March 22, 2005
Can IM solve my digital reference woes?
I was intrigued by Aaron Schmidt and Michael Stephen's CIL presentation about instant messaging in libraries: Collaboration & IM: Breaking Down Boundaries. I've been thinking about this for a while, and specifically, the viability of ditching the "bloated VR system" for a much simpler and functional solution. The merits of using IM versus VR have been widely and even hotly debated on listserv such as Web4Lib and dig_ref.
So here are some of the pros and cons (for our particular situation), and my general questions . . .
- it's saves several thousands of dollars a year – it's free!
- it works – bonus!
- no messy setup or clunky interfaces; uses a medium that many/most students are already familiar with
- ability to create customized 'queues' per subject or librarian for things like subject pages (simply create an appropriate and different screen name for that purpose), which with VR software can cost around $3000 per librarian
- it's 'disposable': one thing that really bothers me about our current system is that all questions and transcripts are kept for three months, and in terms of privacy issues, we have no control over that
- much more challenging to keep statistics
- lose the ability to refer and track email questions (a component of our VR software) among numerous subject librarians
As I see it, the cons are easily overcome with some fairly straight-forward workarounds, but I'm interested in hearing how others using IM in libraries have tackled these issues. Any thoughts out there?
I want to respond to Paul's comment here in the post because I haven't enabled comments in my feeds yet (note to self: get on that), and he brings up a good point: "but another thing acting as a con on the IM list is the inability to co-browse." I'm once bitten, twice shy when it comes to co-browsing, and I didn't list it as a con for our particular situation because we're not currently using it.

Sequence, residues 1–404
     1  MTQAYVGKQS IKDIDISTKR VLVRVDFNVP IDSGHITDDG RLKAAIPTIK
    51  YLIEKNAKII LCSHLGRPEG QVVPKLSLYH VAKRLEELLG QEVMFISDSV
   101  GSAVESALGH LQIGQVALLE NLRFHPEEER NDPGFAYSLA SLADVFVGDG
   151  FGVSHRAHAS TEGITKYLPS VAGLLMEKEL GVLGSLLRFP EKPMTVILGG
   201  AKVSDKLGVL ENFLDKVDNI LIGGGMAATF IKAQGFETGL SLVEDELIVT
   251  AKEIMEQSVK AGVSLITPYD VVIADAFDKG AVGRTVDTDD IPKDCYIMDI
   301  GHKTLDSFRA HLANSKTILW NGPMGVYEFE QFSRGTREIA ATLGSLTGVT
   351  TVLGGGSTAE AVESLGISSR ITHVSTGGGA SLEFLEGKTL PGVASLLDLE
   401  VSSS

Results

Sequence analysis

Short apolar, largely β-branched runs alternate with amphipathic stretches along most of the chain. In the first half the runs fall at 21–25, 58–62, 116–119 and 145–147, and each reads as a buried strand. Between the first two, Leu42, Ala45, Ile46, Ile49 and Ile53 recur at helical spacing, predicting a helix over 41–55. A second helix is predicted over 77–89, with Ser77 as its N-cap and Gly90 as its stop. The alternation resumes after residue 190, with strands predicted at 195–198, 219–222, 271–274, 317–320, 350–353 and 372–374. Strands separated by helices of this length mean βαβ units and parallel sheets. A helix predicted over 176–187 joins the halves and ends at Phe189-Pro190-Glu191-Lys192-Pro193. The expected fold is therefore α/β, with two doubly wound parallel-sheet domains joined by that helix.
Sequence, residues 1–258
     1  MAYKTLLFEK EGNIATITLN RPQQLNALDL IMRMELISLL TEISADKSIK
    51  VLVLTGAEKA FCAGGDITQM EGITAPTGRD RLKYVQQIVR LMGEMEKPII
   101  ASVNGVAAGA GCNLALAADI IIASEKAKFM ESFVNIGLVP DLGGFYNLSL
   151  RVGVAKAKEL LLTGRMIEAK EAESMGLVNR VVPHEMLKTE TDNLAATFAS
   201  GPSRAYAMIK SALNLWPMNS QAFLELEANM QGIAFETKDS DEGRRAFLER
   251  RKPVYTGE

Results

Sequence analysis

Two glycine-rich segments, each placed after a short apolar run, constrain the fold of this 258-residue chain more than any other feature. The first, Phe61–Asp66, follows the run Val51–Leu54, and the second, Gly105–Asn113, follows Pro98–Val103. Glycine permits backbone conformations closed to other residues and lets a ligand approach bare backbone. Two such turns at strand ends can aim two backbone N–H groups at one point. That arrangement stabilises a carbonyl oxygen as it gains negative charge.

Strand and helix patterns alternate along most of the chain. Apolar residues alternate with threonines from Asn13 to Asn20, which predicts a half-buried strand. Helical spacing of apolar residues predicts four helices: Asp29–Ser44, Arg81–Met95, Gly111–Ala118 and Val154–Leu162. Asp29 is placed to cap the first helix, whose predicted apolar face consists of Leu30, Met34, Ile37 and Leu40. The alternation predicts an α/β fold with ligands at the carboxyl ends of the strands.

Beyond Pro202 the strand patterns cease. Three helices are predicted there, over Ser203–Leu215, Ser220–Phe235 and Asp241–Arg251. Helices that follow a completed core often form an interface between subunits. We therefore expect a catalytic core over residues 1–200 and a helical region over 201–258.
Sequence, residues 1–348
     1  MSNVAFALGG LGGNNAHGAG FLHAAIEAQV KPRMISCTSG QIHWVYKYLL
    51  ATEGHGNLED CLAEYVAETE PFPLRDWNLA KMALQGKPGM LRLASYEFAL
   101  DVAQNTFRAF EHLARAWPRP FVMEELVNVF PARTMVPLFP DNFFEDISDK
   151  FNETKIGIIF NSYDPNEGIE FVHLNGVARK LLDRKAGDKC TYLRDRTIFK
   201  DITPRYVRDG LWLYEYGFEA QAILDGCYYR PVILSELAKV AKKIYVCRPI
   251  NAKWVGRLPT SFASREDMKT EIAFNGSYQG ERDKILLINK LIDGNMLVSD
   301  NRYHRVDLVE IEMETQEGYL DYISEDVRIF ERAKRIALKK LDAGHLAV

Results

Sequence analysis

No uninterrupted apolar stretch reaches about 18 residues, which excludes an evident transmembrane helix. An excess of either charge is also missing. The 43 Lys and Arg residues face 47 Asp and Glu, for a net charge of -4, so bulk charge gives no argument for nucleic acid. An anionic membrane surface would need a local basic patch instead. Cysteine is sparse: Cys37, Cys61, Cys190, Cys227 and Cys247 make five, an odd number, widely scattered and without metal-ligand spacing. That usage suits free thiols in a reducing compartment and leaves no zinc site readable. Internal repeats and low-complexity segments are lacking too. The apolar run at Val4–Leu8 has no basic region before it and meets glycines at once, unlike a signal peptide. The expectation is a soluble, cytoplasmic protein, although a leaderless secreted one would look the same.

Theoretically, it's a great idea, and when it works, it's a fabulous teaching tool. But in practical terms, I've had very limited success using it within mainstream VR software applications. I've been keeping my eye on Jybe and have had various levels of success using it as well, though it looks very promising especially if they continue to work out some of the kinks (see Paul's post for more details). This has primarily been because of bandwith issues (on either end - sometimes hard to tell where the problem is), general incompatibilities, and so forth. I want something that's simple and effective, and until I stumble across something that is just that, I'm content to type a little more : )
I heard rumblings a while back that someone might be working on a co-browse feature for Rakim, a great open source VR chat application that I've used very successfully in the past (for a real-live example, see the University of Winnipeg Library's Live Help). Oh and some intrepid library folk worked on Rakoon, a co-browser for RAKIM, at the 2004 Hackfest. Peter Binkley and Kenton Good were part of that group (I'm convinced there's something in the water in Alberta ; ), but I'm not sure if anyone is continuing work on the project. Anyone? Anyone?
Bringing all these great things together in some integrated way will be key for drumming up interest and generating buy-in amongst staff. Then we're cookin' with gas . . .